Jackson stays at my place, ’cause he ain’t got a home…

IMG_1846Gah! I’m annoyed with myself.

I’ve had a nice leisurely Bank Holiday Weekend, shooting the breeze, watching footie and yet somehow not got round to writing this up… *Smacks head theatrically*. Great evening too.

Richmond Fontaine, The Bullingdon

My second trip to Oxford’s fine Bullingdon, saw the arrival of the ever-enjoyable Willy Vlautin and Richmond Fontaine. Actually, as I write that, it makes it look like Vlautin’s chums are no more than a backing band, the musicians who provide background colour for his extraordinary song/story writing gifts. If I’d bothered to pay attention to stuff, of course, I’d know that songwriting credits are not exclusively Valutin’s; but as I hadn’t (routinely don’t) it was left to this evening to make it clear to me that RF are a proper band, Vlautin repeatedly referring to drummer Sean Oldham as “the leader of the band”.

It seems a bit late in the day to have made this discovery, although not as late as I did at one time believe. Turns out from talking to Dan Eccles after, there’s another tour this Autumn, which will be their last. (After which, he revealed to me, exclusively if you will, that one of the projects he intends to work on the setting up of a piano tuning business. You read it here first…)

Eccles and bassist Freddy Trujillo came out and chatted for ages to people after what was a long set, and it all went to reinforce the idea you couldn’t help but form watching the set – they’re a really decent bunch of fellers. Vlautin particularly comes across as self-effacing, ordinary and likeable, introducing many of the songs with charming, incidental stories. A bloke you could find yourself chatting to for ages over a few drinks…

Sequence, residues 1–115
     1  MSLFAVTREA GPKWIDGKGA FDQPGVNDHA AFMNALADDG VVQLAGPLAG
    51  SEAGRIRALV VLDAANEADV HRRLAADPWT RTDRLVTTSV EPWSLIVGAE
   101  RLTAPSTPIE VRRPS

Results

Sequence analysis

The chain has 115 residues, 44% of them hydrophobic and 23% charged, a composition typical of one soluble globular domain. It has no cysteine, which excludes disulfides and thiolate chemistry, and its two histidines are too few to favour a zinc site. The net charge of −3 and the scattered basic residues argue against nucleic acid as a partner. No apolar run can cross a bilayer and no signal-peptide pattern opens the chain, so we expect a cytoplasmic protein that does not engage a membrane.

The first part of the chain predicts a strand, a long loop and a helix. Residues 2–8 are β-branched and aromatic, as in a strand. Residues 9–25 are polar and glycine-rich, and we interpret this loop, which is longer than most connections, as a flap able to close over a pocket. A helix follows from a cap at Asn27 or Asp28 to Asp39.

They played for coming on for two hours, including two encores and 22 songs drawn from pretty much all the albums (although the latest “You Can’t Go Back If There’s Nothing To Go Back To” featured heavily). Vlautin’s story telling talents were much in evidence and were enhanced by his part-drawled, part-sung delivery. Eccles’ guitar work was also pretty remarkable, light at times, heavy and almost ungainly at others. He’d already done a set previously, backing support act Fernando (who was also very good) earlier in the evening, so he could’ve been excused for wanting to get off early.

The Bullingdon is great for sound and the recordings are OK, with wild cheering and clinks of bottles being thrown into bins at the bar, all adding to the atmosphere. I’m attaching a particular run of three (four) great, great songs that came one after each other towards the end of the evening. You’d be a fool not to…

The Boyfriends

Lost in the Trees / Willamette

We Used to Think the Freeway Sounded Like a River

T-Shirts and Snow Globes…

TheDelinesMainThe keen-eyed readers of Partly Porpoise will no doubt have noticed a certain paucity of lyrical content in a lot of the music I’ve been banging on about this year. Fine as it (clearly) is, there’s not a lot to chew over or ponder in the Chicha and Cumbia tunes have I’ve been plugging obstinately. (Unless you speak Spanish of course, and in spite of any pretensions I may have suggested of recent, my Spanish is nowhere near good enough to glean anything but the most basic of information from the songs of Lucho Bermudez or Los Mirlos. But actually, thinking on this, I doubt I’m missing a whole lot…).